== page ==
Cybersecurity company and antivirus maker Kaspersky Lab has finally released the long-awaited KasperskyOS, a purpose-built operating system specifically for Internet of Things connected devices, embedded systems, network devices and industrial control systems.
This isn’t your run-of-the-mill operating system. With cybersecurity threats to connected devices in the Internet of Things and industrial networks on the rise, this secure-by-design OS will prevent malicious code from running on such devices and networks.
Kaspersky Lab CEO Eugene Kaspersky has confirmed what has been a rumor for more than a decade – that the project, codenamed 11-11 has been designed from scratch and is now available for deployment.
The new operating system from Kaspersky Lab uses a microkernel architecture, and only executes code that it is allowed to – nothing else. By enabling global “Default Deny” at the process level, they were able to create a secure operating system specifically for industrial systems and closed networks that need to be online all the time.
Such mission-critical systems cannot be exposed to even the slightest possibility of a cyberattack, and their components are not that easy to take offline in order to isolate any malware. Essentially, as Kaspersky puts it:
“In simple words, it’s a system that does what it’s instructed to and is unable to do anything else. With traditional operating systems, that’s impossible.”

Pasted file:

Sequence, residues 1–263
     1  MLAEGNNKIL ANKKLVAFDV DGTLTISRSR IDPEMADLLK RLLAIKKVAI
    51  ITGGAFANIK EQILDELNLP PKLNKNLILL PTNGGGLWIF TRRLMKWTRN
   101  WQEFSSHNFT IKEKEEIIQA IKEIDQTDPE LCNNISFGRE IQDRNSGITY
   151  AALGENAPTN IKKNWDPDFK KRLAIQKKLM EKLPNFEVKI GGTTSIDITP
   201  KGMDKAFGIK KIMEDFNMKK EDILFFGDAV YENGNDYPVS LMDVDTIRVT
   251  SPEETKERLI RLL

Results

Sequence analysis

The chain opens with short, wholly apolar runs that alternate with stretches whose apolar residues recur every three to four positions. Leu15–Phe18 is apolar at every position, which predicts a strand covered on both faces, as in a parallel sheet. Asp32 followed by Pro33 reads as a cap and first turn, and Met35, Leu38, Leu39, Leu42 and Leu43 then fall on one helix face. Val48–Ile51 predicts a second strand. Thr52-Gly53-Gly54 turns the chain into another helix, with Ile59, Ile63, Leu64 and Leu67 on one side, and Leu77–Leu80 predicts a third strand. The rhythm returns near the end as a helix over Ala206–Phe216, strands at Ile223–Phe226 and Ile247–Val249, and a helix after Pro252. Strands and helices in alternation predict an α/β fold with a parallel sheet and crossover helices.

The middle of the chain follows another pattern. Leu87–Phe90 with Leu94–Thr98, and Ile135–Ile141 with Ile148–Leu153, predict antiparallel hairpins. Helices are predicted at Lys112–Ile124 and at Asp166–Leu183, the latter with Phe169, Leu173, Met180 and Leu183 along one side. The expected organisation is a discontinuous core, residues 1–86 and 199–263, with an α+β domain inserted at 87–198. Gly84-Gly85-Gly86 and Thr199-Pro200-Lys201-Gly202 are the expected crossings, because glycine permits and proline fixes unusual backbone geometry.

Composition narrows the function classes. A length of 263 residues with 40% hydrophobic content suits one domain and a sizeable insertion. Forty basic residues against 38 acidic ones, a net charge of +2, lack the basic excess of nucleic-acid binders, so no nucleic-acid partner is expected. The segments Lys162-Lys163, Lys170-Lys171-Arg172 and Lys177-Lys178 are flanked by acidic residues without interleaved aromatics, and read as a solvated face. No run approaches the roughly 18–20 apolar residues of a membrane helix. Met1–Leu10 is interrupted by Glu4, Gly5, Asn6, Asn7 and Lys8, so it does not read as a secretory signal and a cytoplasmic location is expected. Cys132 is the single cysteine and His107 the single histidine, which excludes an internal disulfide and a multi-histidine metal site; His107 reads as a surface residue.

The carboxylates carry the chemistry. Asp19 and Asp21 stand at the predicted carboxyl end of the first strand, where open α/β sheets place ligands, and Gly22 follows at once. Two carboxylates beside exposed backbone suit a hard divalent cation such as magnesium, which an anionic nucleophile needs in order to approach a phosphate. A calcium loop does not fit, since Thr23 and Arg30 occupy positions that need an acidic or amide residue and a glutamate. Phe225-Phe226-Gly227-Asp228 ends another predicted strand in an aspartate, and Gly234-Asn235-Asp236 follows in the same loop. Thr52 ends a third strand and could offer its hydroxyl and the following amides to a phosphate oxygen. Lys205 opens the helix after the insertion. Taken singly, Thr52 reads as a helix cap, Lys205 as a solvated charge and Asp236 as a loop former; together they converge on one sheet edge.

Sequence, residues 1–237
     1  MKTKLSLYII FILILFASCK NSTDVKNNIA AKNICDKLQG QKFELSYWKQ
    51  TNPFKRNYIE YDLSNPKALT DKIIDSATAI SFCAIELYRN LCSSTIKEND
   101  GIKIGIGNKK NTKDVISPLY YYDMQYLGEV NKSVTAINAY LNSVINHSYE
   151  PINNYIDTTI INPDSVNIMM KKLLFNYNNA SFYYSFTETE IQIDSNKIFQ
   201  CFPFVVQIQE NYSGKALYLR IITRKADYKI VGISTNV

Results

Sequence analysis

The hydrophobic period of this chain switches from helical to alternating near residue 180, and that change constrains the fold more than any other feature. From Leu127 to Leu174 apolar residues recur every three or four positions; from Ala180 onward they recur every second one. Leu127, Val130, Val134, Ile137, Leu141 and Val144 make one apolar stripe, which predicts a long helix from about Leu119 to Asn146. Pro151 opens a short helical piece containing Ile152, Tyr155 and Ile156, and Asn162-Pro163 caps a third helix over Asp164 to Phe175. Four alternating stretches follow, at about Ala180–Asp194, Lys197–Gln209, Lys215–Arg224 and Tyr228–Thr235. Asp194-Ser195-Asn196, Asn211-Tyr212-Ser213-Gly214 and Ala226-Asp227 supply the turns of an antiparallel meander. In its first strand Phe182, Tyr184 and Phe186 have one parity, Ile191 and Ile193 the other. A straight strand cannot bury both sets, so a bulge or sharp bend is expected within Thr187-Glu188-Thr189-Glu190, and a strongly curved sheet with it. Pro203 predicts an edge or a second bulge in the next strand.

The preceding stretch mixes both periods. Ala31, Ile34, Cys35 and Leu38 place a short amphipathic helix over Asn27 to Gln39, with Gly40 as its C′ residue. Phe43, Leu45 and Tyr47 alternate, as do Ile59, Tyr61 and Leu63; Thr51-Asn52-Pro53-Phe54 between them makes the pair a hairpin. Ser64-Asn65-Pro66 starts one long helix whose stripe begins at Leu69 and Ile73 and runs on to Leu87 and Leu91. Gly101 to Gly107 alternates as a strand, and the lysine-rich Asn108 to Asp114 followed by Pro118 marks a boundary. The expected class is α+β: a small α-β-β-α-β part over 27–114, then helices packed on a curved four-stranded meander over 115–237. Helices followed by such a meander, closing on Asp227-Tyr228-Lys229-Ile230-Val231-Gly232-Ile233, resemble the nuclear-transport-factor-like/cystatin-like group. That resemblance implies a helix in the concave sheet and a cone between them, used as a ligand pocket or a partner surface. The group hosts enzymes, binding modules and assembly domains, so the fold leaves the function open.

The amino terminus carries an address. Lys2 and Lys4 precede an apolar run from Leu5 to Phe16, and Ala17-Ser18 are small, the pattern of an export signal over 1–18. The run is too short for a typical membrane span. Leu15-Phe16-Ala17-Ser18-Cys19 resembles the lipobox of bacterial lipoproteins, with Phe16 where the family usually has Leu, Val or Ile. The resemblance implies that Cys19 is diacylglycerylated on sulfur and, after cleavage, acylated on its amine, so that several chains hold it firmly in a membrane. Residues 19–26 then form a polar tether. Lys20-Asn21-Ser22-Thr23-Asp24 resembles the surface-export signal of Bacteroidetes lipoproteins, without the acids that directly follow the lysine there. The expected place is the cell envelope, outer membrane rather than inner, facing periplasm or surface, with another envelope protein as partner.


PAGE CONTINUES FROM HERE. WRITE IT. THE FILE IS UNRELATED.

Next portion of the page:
So, is this a unique operating system that is secure-by-design? Not at all. Kaspersky himself admits that there are a few other successful projects like this one. But he says that one of the biggest problems is that their cost is sky-high – literally:
“…the cost of their implementation is on a par with that of an airplane (curiously, such systems were indeed used on airplanes), so such projects were never destined to produce widely applied kit.”
Essentially, however, he says that no other project has ever reached the full-scale deployment or commercialization stages.
The company has essentially created three products: the operating system, called KOS, a standalone secure hypervisor, called KHS, and a dedicated system for secure interaction between components of the operating system, called KSS.
Kaspersky says that each of these can be used on their own as well, citing German company SYSGO, which has licensed KSS for its own operating system called PikeOS.
He also notes other companies that have either deployed one product or the entire operating system with all its components, such as Kraftway Switches.
Though KasperskyOS has essentially been created as a niche system, Kaspersky says that it is extremely flexible, and can even be further tweaked to be a mass-market product. However, considering the cost and resources needed to achieve that, he says the company hasn’t planned that far ahead yet.
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